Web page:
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ORIGINAL ARTICLE
Year : 2022  |  Volume : 15  |  Issue : 2  |  Page : 83-87

Opioid-related overdose fatality cases in two Florida counties


1 Department of Environmental and Occupational Health, Center for Environmental and Occupational Risk Analysis and Management, College of Public Health, University of South Florida, Tampa, Florida, USA
2 Florida State University College of Medicine, Sarasota, FL, USA

Correspondence Address:
Raymond D Harbison
Department of Environmental and Occupational Health, Center for Environmental and Occupational Risk Analysis and Management, College of Public Health, University of South Florida, 13201 Bruce B. Downs Blvd., Tampa, Florida 33612
USA
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Source of Support: None, Conflict of Interest: None


DOI: 10.4103/jets.jets_130_21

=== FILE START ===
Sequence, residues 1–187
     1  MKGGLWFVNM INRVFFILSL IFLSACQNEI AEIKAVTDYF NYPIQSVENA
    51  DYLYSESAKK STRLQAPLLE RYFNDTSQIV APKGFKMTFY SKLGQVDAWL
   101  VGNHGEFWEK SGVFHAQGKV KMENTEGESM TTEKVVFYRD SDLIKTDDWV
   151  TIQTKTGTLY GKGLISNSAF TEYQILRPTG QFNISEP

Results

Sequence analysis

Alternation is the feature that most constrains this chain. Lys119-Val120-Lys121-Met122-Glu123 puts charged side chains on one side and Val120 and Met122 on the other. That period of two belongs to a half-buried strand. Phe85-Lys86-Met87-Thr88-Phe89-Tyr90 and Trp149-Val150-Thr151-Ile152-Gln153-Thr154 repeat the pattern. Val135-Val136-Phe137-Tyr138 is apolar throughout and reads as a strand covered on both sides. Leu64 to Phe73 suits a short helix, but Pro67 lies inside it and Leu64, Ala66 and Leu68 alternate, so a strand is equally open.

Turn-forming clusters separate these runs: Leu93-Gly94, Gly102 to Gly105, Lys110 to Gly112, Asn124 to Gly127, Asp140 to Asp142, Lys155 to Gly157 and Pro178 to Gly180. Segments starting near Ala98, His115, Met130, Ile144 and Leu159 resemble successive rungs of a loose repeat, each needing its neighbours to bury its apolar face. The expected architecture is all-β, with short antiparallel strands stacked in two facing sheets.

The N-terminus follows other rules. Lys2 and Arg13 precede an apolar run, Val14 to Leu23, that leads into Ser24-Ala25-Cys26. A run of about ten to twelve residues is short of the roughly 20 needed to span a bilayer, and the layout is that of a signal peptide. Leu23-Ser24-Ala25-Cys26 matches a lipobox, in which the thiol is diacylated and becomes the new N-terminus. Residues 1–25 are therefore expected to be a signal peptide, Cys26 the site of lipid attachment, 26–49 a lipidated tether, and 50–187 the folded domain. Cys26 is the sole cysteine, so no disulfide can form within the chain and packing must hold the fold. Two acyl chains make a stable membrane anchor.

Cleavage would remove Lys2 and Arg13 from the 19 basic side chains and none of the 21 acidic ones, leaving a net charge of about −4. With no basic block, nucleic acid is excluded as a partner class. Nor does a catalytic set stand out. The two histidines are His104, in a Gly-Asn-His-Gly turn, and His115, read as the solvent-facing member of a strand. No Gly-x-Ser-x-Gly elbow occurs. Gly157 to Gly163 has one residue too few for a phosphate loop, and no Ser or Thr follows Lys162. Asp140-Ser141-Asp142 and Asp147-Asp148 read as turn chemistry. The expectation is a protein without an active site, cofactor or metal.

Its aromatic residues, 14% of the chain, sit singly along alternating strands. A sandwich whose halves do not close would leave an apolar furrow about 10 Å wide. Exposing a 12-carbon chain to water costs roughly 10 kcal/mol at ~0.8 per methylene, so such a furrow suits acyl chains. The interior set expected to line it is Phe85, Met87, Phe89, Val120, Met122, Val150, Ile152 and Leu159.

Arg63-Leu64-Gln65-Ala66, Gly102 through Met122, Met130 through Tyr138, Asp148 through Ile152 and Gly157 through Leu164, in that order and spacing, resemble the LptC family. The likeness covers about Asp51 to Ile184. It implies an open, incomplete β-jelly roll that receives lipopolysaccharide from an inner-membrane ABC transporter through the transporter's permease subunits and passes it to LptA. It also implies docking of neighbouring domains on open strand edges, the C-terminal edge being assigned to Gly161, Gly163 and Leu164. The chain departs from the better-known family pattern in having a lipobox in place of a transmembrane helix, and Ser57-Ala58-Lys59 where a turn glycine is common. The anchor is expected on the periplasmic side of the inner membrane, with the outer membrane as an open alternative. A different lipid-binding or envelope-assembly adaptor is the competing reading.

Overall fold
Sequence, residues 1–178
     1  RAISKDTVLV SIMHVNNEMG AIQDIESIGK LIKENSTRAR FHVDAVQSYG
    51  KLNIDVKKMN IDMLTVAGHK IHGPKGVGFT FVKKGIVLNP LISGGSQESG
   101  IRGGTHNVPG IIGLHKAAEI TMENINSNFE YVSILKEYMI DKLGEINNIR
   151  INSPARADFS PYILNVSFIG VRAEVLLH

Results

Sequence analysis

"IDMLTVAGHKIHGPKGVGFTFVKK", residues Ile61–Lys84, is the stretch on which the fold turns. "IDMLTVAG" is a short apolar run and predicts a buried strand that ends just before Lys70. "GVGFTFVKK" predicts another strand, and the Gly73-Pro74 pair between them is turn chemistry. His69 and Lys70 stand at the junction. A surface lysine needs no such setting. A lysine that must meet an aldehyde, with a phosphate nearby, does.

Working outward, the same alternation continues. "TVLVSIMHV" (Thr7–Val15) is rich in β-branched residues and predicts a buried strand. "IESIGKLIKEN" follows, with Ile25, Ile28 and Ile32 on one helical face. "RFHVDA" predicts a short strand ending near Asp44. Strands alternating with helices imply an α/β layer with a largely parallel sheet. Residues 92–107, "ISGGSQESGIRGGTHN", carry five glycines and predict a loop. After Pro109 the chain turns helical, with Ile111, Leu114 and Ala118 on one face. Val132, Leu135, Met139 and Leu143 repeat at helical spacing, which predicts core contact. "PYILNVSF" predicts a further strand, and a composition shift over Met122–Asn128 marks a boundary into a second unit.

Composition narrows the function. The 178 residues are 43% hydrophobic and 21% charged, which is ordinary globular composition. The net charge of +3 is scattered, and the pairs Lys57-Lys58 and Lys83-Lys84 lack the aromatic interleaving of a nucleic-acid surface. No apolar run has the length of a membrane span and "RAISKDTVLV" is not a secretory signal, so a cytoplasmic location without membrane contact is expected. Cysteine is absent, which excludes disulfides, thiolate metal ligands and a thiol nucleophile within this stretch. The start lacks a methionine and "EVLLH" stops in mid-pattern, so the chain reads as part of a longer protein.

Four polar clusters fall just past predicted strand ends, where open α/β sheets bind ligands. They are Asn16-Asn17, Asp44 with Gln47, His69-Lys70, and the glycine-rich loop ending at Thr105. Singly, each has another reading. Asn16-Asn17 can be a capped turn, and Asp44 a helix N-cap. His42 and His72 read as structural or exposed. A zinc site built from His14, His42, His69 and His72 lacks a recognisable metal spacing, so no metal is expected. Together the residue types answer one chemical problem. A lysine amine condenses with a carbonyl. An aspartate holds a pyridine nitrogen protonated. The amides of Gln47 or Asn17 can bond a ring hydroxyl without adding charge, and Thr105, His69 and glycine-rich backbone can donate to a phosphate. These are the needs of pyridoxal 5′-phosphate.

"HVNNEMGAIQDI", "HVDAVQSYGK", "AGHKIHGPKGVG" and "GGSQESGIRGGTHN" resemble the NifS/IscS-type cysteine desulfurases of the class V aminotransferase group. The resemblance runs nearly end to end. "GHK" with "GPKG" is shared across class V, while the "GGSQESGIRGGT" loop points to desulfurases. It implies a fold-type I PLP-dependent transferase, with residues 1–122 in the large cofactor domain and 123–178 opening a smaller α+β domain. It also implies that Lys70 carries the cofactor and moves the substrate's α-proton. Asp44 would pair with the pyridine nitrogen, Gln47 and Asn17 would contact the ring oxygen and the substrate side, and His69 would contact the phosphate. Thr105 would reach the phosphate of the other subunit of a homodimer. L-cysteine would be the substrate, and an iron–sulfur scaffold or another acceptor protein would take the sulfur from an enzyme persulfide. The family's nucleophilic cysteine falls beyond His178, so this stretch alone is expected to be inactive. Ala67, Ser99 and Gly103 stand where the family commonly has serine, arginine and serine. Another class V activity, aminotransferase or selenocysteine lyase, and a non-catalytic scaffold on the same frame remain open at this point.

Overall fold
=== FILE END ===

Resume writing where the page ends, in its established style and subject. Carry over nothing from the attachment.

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Introduction: This study evaluates trends in drug-related death cases within both Pasco and Pinellas County, Florida, from the calendar years 2011 to 2016. Specifically, it focuses on opioids and the role of fentanyl in overdose-related mortality in rural versus suburban populations. Methods: Two sets of data from each calendar year were obtained from a Medical Examiner's Office. These data were compared by year to assess differences using the nonparametric ANOVA test with the statistical software SAS, University Edition. Binary logistic regression was performed to assess which drugs occurred most frequently in the presence or absence of fentanyl. Results: There was not a significant difference in the month of the year or the day of the week that drug-related fatalities occurred. More drug-related mortalities occurred during daylight hours (e.g., 8:00 AM–4:00 PM) and more fentanyl-related mortalities occurred in Pinellas County compared to Pasco County. Fentanyl and heroin tended to co-occur in mortalities, while ethanol, hydrocodone, morphine, oxycodone, and methadone were negatively associated with fentanyl-related overdose cases. Conclusion: The characteristics of drug-related mortalities identified here may be used to better target interventions against drug abuse and overdose.


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